Over the stable door: Things you should know before dating a farmer

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IT’S BEEN hectic at home this week. My electricity was turned off for a couple of days whilst electricians got to work on the barn conversion next door.

I was sat working in my office when they finally turned it back on. Initially it sounded like an aircraft was landing in the lounge, quickly followed by a succession of explosions leaving a toxic whiff of sulphur smoke seeping my way. I ran outside barefoot, shouting at the workman to stop before the place burnt down. Looking back it may have been a slight over-reaction.

A closer inspection of the house showed little more than charred sockets but everything plugged in had literally been fried - 480 volts had accidentally surged through my house rather than the standard 240 volts. I’m left with just a toaster and fridge, and have the insurance company to deal with.

I was sent an entertaining article from a farmer’s wife recently. After 40 years of marriage she’s well qualified to offer advice on dating a farmer. They’re such a dedicated breed with an unequalled work ethic, it takes a certain type of person to cope with the lifestyle.

Farmers have no concept of time; when they say, “I’ll be 10 minutes”, don’t expect to see them for at least two hours; “Just down the road”, can mean five miles away; and if you’re asked to “give a turn with this heifer” change out of any smart clean clothes. “Just hold this gate while I bring these cattle/sheep out”, means you’ll be waiting for hours in the wet and the cold while the stock refuse to leave the field.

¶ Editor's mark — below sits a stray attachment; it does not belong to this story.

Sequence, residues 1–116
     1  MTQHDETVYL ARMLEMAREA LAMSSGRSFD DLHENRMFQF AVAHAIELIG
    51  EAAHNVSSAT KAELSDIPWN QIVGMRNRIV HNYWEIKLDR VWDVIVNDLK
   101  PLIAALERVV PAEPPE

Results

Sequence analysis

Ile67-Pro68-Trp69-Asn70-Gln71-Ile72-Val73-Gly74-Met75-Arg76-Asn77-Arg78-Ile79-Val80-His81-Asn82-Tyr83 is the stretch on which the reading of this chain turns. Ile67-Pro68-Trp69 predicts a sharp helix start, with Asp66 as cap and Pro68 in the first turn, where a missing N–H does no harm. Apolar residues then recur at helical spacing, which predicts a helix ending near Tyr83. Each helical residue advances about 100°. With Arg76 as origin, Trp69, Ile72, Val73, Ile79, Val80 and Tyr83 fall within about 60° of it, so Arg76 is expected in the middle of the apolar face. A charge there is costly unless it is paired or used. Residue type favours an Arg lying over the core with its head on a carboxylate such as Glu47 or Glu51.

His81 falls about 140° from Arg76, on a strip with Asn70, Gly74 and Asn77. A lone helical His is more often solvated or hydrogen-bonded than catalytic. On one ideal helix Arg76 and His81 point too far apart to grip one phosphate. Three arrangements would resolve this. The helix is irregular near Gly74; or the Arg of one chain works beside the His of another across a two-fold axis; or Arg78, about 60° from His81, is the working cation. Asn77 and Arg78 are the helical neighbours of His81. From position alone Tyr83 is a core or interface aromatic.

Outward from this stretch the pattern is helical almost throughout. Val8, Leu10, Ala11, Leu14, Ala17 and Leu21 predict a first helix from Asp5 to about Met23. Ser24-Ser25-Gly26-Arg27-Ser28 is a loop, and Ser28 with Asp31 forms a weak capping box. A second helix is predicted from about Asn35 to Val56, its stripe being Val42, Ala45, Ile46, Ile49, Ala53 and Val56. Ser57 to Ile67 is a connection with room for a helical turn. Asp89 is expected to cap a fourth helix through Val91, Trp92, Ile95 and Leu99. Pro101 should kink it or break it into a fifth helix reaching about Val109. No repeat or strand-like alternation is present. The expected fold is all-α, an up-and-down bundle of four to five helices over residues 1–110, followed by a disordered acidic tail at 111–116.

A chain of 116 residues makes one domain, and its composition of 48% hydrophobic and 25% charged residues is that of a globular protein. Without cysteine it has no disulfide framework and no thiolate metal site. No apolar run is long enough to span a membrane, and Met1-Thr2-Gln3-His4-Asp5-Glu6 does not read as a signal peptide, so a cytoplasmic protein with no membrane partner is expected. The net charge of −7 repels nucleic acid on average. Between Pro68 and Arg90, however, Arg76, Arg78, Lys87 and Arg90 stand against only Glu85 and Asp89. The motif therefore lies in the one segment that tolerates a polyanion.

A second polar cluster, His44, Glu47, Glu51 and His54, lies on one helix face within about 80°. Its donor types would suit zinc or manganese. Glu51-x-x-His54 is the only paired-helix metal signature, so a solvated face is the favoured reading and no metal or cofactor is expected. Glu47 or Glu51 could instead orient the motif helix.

You can enjoy days out together but only when pouring with rain, if it’s sunny they’ll be sat on a tractor or busy fencing or digging. If you manage to drag them away for a few days don’t be upset when this involves visiting a livestock auction to “check on trade”.

Befriend a washing machine mechanic, you’ll need one when the washer gets clogged with straw, muck, hay, silage, nails and baler band; and if you want to spend quality time together, sit on the passenger seat of the tractor or don overalls to dip and wipe in the parlour.

Don’t expect to be safe if they’re driving as they’ll be too busy looking at what’s in the fields; never ask them if they love their dog or combine more than you; and if you accept your farmer’s hand in marriage you will understand and accept the sheep sales take precedence over your honeymoon.